Well, it started out okay. I was sent to change into the charming hospital gown (no biggie for me -- birth is messy, etc.) and the two nurses assigned to me for that shift were asking my husband questions about what was had been happening.

The problem there was that he couldn't answer their questions because he'd been asleep. Once I knew my water had broken I told him just to go back to sleep and I'd wake him up when he needed to do something. Man-like, he followed my instructions. Now once I'd gotten the word to head to the hospital I did wake him up, but I was in the shower and basically hadn't shared much information with him as I was busy hosing off and breathing (shaving legs while in active labor? Not an experience I'll ever repeat). So anyway, when I heard him doing the "I don't know" and the "I guess it was about..." and being totally wrong, I piped up from the bathroom with the correct answers.

The nurses told me to be quiet and just relax. I told them he'd been asleep and didn't know the progression of events. They looked at me as if I were crazy. What? The guy had been sleeping. He was flat clueless. Was that so hard to believe?

At any rate, I got into the bed and was checked to see if my water had actually broken. It had (no surprise to me, but the nurses seemed shocked, and I don't know why). I was also 4-5 cm dilated, and was having to work with the contractions.

So, of course, now that labor is going harder, this is when I needed to answer the questions on the intake form (which I'd already answered when I pre-registered, so the point of pre-registering was what?), and then I got blood drawn.

I don't like needles, but it wasn't to the point back then where it is now, where I get lightheaded and pale when someone comes at me with one intending to draw my blood. Back then it was merely unpleasant, but something that could be dealt with. Unfortunately, the nurse got a bad stick and it hurt. That, along with being in increasingly hard labor and with a nurse who proceeded ignore me and to talk with my husband about Chicago (he was across the room as needles REALLY freak him out... and was told by me later that would NEVER happen again, he could just stand by me and look in the opposite direction from the needle site) and ignore the fact that I had tears rolling down my face from the bad stick put me near the edge. The final straw was when she looked at me and snapped, "Why are you still crying? The needle is out and the IV is in."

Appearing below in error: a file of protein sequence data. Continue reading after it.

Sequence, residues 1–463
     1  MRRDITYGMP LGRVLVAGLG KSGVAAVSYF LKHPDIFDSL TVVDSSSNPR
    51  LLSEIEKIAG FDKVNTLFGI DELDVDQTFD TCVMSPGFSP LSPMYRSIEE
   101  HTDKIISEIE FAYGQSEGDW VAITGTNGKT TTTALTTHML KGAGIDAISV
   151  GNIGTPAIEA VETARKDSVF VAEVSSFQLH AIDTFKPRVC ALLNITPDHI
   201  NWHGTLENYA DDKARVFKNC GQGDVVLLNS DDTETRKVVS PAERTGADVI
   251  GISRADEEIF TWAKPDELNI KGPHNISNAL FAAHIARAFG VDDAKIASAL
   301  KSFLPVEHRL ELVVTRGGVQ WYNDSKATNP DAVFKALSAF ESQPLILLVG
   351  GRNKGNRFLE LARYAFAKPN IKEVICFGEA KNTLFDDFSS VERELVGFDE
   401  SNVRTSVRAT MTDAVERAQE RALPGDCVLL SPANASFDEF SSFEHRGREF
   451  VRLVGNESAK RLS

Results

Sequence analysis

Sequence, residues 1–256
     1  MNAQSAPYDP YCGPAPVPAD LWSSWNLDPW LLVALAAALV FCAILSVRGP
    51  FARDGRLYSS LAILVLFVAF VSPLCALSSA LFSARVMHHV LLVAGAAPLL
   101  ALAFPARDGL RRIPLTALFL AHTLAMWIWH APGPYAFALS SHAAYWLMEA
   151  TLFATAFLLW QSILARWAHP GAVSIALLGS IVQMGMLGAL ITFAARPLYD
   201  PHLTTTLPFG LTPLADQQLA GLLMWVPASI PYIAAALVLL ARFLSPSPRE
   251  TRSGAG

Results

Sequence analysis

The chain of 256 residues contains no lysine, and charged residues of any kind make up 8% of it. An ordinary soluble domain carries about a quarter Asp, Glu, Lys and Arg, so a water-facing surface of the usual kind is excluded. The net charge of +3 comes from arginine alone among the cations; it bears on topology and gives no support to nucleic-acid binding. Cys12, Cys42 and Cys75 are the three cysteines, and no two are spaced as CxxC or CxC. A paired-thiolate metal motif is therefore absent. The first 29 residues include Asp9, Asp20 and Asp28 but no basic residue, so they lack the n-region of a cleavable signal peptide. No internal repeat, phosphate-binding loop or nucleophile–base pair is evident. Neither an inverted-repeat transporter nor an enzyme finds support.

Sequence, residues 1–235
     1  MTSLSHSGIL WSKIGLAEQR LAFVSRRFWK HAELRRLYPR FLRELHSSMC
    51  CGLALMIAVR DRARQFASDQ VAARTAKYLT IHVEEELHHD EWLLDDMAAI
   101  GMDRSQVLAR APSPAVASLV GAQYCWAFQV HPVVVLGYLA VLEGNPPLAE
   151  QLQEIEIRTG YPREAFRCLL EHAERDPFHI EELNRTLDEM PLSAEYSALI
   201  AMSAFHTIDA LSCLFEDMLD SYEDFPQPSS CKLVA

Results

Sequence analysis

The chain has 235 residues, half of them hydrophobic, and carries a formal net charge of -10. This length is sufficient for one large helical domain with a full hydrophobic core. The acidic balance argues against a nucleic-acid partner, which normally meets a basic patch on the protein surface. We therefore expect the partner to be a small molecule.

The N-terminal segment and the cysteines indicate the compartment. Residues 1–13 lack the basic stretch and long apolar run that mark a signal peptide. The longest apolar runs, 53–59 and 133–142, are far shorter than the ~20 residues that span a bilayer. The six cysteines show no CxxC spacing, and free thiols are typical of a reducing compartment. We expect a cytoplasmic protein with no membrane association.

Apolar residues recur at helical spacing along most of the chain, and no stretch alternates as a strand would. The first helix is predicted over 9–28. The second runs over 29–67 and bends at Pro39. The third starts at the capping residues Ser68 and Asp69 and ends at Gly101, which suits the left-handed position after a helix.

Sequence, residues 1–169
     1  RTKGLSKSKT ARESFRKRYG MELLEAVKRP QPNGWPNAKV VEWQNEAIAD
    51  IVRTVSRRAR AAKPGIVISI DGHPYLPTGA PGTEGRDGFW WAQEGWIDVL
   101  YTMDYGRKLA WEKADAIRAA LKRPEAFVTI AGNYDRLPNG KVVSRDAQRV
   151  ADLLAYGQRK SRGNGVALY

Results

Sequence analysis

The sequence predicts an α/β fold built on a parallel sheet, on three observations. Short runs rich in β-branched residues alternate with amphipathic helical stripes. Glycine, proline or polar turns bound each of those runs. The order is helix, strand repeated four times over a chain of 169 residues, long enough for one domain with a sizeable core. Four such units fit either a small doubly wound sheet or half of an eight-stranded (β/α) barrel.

I'm still crying because it hurts, bitch, because it was a bad stick which you'd know if you'd been paying any attention to me beyond "Oh god, it's a birth plan mother, I've got to get out of here as quickly as I can before I snap her neck."

You know what? I'm sorry that I wanted to do birth unmedicated. I'm sorry I was naive and put some stupid things on the birth plan (like the shaving and enema thing, which were totally unnecessary to list). I'm sorry that I was talkative and happy in between contractions until I was treated like a naughty kindergartener. I'm sorry I walked up to L&D after my water had broken, obviously creating a potential liability for the hospital even though I had clarified that yes, indeed, my water had broken and was lightly mec stained and made sure they wanted me to walk up. I'm sorry that I cried when I was in pain, not from the contractions, but from the horrible needle stick. I had a bruise for two weeks afterward at the IV site, and I still bear the scar 8 years later. It's not a big deal, but it's there whereas the mark from the heplock I had a few weeks ago at the ER doesn't even show anymore.

Crap. Over eight years later and I still get upset.

So anyway, after all that, I was offered some Nubane. I was restricted to the bed because hospital policy dictated that after a mother's water broke she was a liability walking around even in her own room (apparently wearing some sort of pad to avoid spillage was out of the question). I could find no position that made the contractions less painful, especially being tied up with the blood pressure cuff, the IV, and the monitors which they never detatched. So hey, drugs. Sounds good! God, anything to feel less upset. The Nubane was good and I figured, "What the hell, let's go for the epidural too."